Melbourne — The Ebola emergency in the Democratic Republic of Congo (DRC) will require about three times more money than currently provided, the UN agency leading the public-health response says.
The World Health Organisation (WHO) estimates $324m is needed to fund its response and preparedness in the Africa region over the next six months. Additional funds will be required to support other functions outside the WHO’s remit to help stop transmission of the deadly hemorrhagic virus, the Geneva-based agency said on Tuesday.
The money sought is on top of the $114m contributed since August and will largely support the massive expansion of dozens of teams administering protective vaccines to vulnerable Congolese communities, undertaking disease surveillance and reporting, and bolstering capacity at treatment centers, said WHO spokeswoman Margaret Harris.
“This may seem like a lot of money to invest in this, but it’s going to cost the world a lot more if we don’t get this under control,” said Michael Osterholm, director of the Centre for Infectious Disease Research and Policy at the University of Minnesota.
“We have a gas-can with an Ebola match hitting it. If this gets into large metropolitan areas, it’s going to be like a gas-tanker with an Ebola match hitting it,” said Osterholm, who finished a yearlong term in May as a science envoy for health security on behalf of the US state department.
The economic and social burden of a 2014-16 outbreak in three west African countries that sickened more than 28,600 people, killing some 11,325, cost an estimated $53.2bn, a study in October found. In the current outbreak, 2,498 people are confirmed to have been infected with Ebola, causing 1,737 deaths, since it began in Congo, Sub-Saharan Africa’s biggest country, in May 2018.
Cases doubled from April to June 2019, according to humanitarian group Medecins Sans Frontieres, with about 75 to 100 infections occurring weekly.
The WHO has 650 to 700 people working during daylight hours in the conflict-riven region, where armoured vehicles, armed police escorts, bullet-proof vests, and helmets have been needed to protect the security and personal safety of staff, Harris said, ratcheting up the cost and complexity of the Ebola response.
At least 25 vaccination teams comprising about 14 people each have been critical to curbing the virus’s spread, with about 93% of those offered the shot willing to be immunized, Harris said from Goma, the eastern Congolese city where an infected priest travelled in mid-July before dying en route to a clinic for treatment.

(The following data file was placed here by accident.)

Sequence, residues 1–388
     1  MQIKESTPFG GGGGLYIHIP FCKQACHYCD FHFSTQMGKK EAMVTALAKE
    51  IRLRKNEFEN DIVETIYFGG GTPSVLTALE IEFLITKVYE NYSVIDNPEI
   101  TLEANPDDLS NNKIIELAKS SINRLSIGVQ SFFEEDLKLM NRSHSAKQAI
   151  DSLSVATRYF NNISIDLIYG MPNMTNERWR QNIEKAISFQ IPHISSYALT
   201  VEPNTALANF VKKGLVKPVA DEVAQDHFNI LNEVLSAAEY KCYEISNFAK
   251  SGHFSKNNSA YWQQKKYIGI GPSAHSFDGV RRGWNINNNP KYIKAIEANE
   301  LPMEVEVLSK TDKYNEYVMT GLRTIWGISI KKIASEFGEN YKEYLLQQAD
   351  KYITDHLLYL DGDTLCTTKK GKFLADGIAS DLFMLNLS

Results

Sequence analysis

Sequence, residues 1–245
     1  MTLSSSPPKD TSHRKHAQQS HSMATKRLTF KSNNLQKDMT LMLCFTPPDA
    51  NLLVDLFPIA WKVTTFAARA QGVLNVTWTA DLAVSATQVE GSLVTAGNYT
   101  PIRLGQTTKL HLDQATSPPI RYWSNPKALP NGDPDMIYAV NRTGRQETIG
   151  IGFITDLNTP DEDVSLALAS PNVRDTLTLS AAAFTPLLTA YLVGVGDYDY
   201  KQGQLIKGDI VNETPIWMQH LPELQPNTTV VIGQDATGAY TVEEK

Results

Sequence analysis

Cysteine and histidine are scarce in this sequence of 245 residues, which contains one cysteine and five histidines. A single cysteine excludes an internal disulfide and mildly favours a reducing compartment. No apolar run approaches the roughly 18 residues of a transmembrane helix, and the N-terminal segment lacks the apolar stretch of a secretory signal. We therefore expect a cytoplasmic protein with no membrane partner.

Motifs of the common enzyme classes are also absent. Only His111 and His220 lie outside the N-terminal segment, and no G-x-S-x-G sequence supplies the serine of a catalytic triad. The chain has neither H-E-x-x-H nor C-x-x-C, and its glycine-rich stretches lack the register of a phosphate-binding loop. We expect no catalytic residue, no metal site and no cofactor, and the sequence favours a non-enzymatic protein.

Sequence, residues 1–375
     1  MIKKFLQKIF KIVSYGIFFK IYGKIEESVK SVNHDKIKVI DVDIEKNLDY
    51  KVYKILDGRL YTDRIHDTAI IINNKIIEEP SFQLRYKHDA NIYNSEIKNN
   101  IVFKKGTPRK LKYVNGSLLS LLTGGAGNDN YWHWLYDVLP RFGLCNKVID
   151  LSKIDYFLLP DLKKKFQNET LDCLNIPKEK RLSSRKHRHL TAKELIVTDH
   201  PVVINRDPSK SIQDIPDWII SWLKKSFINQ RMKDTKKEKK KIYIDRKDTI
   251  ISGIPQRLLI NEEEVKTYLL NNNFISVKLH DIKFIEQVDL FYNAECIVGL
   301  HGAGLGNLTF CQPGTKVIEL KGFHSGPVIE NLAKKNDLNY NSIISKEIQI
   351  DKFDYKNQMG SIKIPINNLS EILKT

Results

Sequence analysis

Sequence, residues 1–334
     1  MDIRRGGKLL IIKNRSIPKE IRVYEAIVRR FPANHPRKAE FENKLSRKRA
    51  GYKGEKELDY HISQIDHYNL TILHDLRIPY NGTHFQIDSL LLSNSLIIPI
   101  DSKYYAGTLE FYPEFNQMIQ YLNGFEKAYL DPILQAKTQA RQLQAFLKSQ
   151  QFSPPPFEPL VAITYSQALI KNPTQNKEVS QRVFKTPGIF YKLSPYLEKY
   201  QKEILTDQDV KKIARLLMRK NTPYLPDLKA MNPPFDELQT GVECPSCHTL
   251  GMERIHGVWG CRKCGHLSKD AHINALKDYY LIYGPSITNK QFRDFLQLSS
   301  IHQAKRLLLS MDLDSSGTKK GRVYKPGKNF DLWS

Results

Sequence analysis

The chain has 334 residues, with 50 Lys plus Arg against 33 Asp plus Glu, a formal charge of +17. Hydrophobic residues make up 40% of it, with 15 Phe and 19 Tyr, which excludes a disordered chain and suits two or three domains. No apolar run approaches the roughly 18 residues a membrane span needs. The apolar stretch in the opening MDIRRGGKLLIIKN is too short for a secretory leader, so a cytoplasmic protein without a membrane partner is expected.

“Without the vaccine, I think we would have seen numbers worse than west Africa,” she said.
Costs of the Ebola response have also been heightened by the need to deploy anthropologists, communications specialists and psycho-social workers to engage closely with communities to win trust in the health services being offered, Harris said.
“The biggest challenge is a community that either doesn’t believe or doesn’t wish to believe that Ebola is a real and present threat,” she said. “It’s a community that has so many other threats that are seen as more serious.”
Rampant poverty and insecurity, particularly in the eastern regions where Ebola is spreading, have contributed to Congo ranking 176th out of 189 countries and territories on the UN’s human development index, a measure of a population’s prospects for a long and healthy life, access to knowledge, and a decent standard of living.
Harris, who trained as a medical doctor, worked on the response during the West African outbreak mostly in Sierra Leone, where she did not observe the same levels of violence, mistrust in the health system or erroneous belief that Ebola is “a narrative by authorities for the advantage of authorities”, she said.
“It’s considerably more challenging here. In West Africa, one of the issues was a weak health system. Here we have a broken health system and a health system that people don’t trust.”
The WHO’s fourth strategic response plan for the Ebola outbreak is slated to be released by the end of July. The biggest individual donors to the previous three plans were the UK’s department for international development, the World Bank, vaccine alliance Gavi, and the World Bank’s pandemic emergency financing facility, according to the WHO.
“Money is necessary, but it’s not sufficient,” the University of Minnesota’s Osterholm said. “We have to also figure out socially, economically and culturally how we’re going to deal with this in that security situation.”